GLP-1 Program | WeightWatchers

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Join us to learn about our NEW GLP-1 Program.
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Curious whether weight-loss meds (like GLP-1s) might be right for you?

A lifestyle program to support your GLP-1 journey

You shouldn’t have to choose between losing weight and feeling good. The WeightWatchers® GLP-1 Program is designed to support the unique needs of people taking GLP-1s.

Designed for those on second-gen GLP-1s like Wegovy® or Zepbound

Powered by the creator of #1 doctor-recommended weight-loss program*

Available in the award-winning WW app with features that simplify your journey


The NEW GLP-1 Program experience

Developed by our team of obesity specialists and behavior-change experts, the program and its tools work together to help you feel your best.


✔️ Daily targets that prioritize protein, water, and fruit and veggies.

✔️ GLP-1 Go-to Foods list takes some of the guesswork out of what to eat—even when you don’t feel like it.

✔️ Activity goals each day to help maintain muscle as you lose weight.

✔️ Essential toolkit with trackers, recipes, meal inspo, and behavior-change tips.

✔️ Support system of expert WW coaches, complimentary Virtual Workshops, and other members interested in GLP-1s.


If you’re on GLP-1s, the GLP-1 Program is your other half


Science shows that behavior change should be part of your journey too. And that’s kind of our thing.

The science behind the program

Not a chemistry lesson, more like a GLP-1 highlight reel to help you understand the why:


Less “food noise.”
We’re talking about those constant, intrusive thoughts about eating, even when you’re not hungry. The GLP-1 hormone also signals fullness to the brain.

✔️ Since it’s easier to focus on behavior-change strategies that build long-term healthy habits, we bring you all the science-backed tips and tricks.


Decreased appetite.
GLP-1s tell the stomach to empty more slowly, which leaves you feeling fuller for longer. You’ll likely find yourself eating less—and sometimes, not enough.

✔️ Our daily food targets help you prioritize nutritious foods so you stay nourished—and feeling your best.


Quicker weight loss.
This is common with second-gen GLP-1s. While it’s exciting to see progress, when you lose fat, you also lose muscle.

✔️ To help preserve the muscle you have, we added a protein target, daily activity target, and strength-training ideas.


A new way to look at losing weight.
Prescription weight-loss meds aren’t “the easy way out”—they’re just a different way in. But the experience can often feel isolating.

✔️ This isn’t a solo journey—everyone on the GLP-1 Program access exclusive Virtual Workshops and chat with other members taking GLP-1s.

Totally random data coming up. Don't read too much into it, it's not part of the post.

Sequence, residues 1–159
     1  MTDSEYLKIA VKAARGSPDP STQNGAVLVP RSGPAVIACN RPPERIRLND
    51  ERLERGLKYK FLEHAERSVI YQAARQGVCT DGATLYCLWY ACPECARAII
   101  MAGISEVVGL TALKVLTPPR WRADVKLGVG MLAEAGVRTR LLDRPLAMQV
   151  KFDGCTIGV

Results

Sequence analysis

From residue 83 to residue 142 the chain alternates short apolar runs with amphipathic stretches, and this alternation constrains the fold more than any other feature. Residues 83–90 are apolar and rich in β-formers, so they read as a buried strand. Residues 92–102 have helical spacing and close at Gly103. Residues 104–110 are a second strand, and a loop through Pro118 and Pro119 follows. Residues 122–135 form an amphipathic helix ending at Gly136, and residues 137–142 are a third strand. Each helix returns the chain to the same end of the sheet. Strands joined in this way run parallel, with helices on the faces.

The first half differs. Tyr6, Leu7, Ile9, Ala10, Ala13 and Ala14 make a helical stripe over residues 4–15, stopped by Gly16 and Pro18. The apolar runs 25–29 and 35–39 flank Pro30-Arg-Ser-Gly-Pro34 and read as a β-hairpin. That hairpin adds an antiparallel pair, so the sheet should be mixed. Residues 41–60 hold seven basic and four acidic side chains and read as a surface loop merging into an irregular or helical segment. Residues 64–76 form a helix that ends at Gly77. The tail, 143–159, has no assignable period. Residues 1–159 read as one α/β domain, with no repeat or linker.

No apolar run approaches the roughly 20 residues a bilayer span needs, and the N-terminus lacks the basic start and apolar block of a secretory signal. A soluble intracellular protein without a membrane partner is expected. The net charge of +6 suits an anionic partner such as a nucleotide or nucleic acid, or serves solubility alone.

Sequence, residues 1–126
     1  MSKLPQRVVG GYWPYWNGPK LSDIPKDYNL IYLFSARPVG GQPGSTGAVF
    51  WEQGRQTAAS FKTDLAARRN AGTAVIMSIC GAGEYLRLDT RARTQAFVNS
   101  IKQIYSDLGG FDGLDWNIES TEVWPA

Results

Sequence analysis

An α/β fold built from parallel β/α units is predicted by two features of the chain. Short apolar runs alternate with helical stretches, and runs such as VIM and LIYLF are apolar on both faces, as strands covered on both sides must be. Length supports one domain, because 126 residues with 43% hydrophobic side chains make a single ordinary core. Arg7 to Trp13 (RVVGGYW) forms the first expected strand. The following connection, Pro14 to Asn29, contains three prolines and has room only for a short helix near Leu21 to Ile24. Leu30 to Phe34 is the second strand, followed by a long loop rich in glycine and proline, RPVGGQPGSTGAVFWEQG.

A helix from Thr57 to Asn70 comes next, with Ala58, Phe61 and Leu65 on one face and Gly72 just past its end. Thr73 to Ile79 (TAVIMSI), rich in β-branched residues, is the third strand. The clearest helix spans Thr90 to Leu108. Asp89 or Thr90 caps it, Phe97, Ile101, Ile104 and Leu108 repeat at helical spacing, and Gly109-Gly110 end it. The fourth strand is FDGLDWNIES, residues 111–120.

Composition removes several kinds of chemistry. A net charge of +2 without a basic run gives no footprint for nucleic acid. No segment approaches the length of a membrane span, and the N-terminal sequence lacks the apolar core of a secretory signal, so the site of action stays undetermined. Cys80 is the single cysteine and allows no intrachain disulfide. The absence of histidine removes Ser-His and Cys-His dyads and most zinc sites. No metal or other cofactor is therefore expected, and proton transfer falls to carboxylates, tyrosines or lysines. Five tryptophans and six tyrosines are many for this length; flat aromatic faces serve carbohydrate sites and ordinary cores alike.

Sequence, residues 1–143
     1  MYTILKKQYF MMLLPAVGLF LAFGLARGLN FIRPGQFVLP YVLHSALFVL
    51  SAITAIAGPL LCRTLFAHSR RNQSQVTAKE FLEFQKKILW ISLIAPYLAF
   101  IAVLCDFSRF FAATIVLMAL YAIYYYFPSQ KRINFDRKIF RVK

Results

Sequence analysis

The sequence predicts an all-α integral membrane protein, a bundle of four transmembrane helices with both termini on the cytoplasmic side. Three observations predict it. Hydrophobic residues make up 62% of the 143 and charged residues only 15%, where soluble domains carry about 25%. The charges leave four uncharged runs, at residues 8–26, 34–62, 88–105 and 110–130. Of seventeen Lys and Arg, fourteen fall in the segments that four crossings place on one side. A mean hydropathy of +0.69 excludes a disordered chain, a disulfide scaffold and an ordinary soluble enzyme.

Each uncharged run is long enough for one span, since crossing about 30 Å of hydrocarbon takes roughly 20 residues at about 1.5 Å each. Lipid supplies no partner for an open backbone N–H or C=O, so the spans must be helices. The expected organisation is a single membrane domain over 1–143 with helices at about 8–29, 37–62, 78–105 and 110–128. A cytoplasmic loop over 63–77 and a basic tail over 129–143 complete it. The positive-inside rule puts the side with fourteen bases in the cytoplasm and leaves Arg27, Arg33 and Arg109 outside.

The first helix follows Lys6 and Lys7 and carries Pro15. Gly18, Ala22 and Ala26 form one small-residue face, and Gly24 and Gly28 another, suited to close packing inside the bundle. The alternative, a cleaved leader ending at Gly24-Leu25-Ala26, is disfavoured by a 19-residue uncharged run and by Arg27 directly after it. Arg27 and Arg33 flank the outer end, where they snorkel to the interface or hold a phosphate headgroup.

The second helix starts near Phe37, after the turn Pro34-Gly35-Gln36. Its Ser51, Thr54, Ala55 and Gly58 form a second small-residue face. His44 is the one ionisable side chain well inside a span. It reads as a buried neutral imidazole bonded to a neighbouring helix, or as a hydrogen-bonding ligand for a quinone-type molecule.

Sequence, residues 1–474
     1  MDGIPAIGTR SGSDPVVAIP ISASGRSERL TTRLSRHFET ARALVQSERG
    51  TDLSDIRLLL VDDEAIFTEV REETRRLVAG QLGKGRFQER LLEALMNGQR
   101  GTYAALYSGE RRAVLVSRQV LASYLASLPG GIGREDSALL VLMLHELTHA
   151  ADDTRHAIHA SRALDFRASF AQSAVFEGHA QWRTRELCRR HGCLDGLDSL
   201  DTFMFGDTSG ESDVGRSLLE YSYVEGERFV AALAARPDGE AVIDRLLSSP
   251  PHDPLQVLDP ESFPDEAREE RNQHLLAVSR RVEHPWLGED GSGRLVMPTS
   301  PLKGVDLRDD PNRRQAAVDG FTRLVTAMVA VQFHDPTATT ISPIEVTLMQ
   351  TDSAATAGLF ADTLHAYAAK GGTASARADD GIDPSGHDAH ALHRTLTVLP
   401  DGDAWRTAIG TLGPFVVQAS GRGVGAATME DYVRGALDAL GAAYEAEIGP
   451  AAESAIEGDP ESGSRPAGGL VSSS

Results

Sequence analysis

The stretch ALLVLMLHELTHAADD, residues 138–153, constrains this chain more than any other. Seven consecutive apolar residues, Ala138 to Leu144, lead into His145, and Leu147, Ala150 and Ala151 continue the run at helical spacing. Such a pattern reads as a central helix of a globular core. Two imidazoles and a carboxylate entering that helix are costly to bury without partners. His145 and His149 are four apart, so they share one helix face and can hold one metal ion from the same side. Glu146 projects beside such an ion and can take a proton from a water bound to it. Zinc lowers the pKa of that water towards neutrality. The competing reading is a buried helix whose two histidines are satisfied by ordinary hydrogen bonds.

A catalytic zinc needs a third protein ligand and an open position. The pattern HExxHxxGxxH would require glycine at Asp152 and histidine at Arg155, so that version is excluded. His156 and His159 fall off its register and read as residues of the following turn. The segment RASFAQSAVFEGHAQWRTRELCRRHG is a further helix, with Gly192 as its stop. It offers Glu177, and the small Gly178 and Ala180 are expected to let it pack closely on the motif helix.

Less “food noise.”
We’re talking about those constant, intrusive thoughts about eating, even when you’re not hungry. The GLP-1 hormone also signals fullness to the brain.

✔️ Since it’s easier to focus on behavior-change strategies that build long-term healthy habits, we bring you all the science-backed tips and tricks.


Decreased appetite.
GLP-1s tell the stomach to empty more slowly, which leaves you feeling fuller for longer. You’ll likely find yourself eating less—and sometimes, not enough.

✔️ Our daily food targets help you prioritize nutritious foods so you stay nourished—and feeling your best.


Quicker weight loss.
This is common with second-gen GLP-1s. While it’s exciting to see progress, when you lose fat, you also lose muscle.

✔️ To help preserve the muscle you have, we added a protein target, daily activity target, and strength-training ideas.


A new way to look at losing weight.
Prescription weight-loss meds aren’t “the easy way out”—they’re just a different way in. But the experience can often feel isolating.

✔️ This isn’t a solo journey—everyone on the GLP-1 Program access exclusive Virtual Workshops and chat with other members taking GLP-1s.


Curious about weight-loss meds?


We can help with that too. The WeightWatchers Clinic is about personalized, no stigma care:

Access to FDA-approved weight management meds, including GLP-1s

Take a five-minute quiz to see if you qualify. If you do, sign up to talk with a board-certified clinician to build a treatment plan.

Insurance coordination

We’ll help match you with a treatment that fits your budget.

1:1 support

Check in with clinicians for plan adjustments and questions about GLP-1s or other prescription medication.

Access to FDA-approved weight management meds, including GLP-1s

Take a five-minute quiz to see if you qualify. If you do, sign up to talk with a board-certified clinician to build a treatment plan.

Insurance coordination

We’ll help match you with a treatment that fits your budget.

1:1 support